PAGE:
Jack Smith, the special counsel handling the documents investigation into former President Donald J. Trump, vowed to seek “a speedy trial.” But that will be up to Judge Aileen M. Cannon, who will wield considerable power over its calendar, evidence and jury.
Last year, Judge Cannon, a Trump appointee, briefly disrupted the documents investigation by issuing rulings favorable to him when he challenged the F.B.I.’s search of his Florida club and estate, Mar-a-Lago, before a conservative appeals court ruled that she never had legal authority to intervene.
It remains to be seen how she will handle her second turn in the spotlight. The scope of her role before the trial also is unclear: She is not presiding over Mr. Trump’s initial hearing on Tuesday, and could refer some pretrial motions to a magistrate judge who works under her. But here is a closer look at how her decisions as the judge presiding over the trial — like on what can be included and excluded — could affect the case.
Slowing the Calendar
Mr. Trump has long pursued a strategy of trying to delay legal proceedings against him to run out the clock. If the trial can be put off until after the 2024 presidential election, he or another Republican nominee could enter office and shut down the case.
“I think the Department of Justice will do everything in their power to bring the case as soon as possible, but it will be a challenge to bring it before we are well into the primaries,” said Brandon L. Van Grack, a former federal prosecutor who has worked on complex cases involving national security and classified material.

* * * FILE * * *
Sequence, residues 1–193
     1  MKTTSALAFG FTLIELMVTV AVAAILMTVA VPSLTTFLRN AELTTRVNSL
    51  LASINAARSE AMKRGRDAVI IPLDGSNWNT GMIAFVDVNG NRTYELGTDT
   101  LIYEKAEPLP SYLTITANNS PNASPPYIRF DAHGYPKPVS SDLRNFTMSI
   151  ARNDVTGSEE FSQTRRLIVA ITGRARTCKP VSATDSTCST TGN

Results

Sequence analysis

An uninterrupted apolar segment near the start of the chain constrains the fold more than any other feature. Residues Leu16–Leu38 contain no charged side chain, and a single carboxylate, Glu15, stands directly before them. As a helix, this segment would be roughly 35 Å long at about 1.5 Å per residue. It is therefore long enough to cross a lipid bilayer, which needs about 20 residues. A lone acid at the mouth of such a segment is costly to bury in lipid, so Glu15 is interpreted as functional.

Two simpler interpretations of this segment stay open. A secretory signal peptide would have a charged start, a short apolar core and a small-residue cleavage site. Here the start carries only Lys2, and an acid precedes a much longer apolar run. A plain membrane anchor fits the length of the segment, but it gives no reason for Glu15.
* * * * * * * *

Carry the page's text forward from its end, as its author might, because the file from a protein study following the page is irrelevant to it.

He added, “These issues are incredibly important to understand because we are talking a case that could influence an election — and more than just the general election.”
Before the trial begins, there is almost certain to be extensive fights behind closed doors over the use of classified evidence, a matter governed by the Classified Information Procedures Act, or CIPA. The law was intended to reduce the opportunities for so-called graymail in criminal cases involving national security, in which defendants threaten to expose sensitive secrets unless prosecutors drop charges against them.
One potential issue: whether the government has to publicly expose all 31 classified documents that are the basis of the 31 counts against Mr. Trump for illegally retaining national-security secrets. Their contents are key evidence for whether they qualify as the type of information protected by the Espionage Act.
CIPA establishes court procedures to sometimes shield sensitive information from the public, including by redacting some documents or substituting summaries. But defense lawyers can argue that they need to discuss their full contents in open court for the trial to be fair.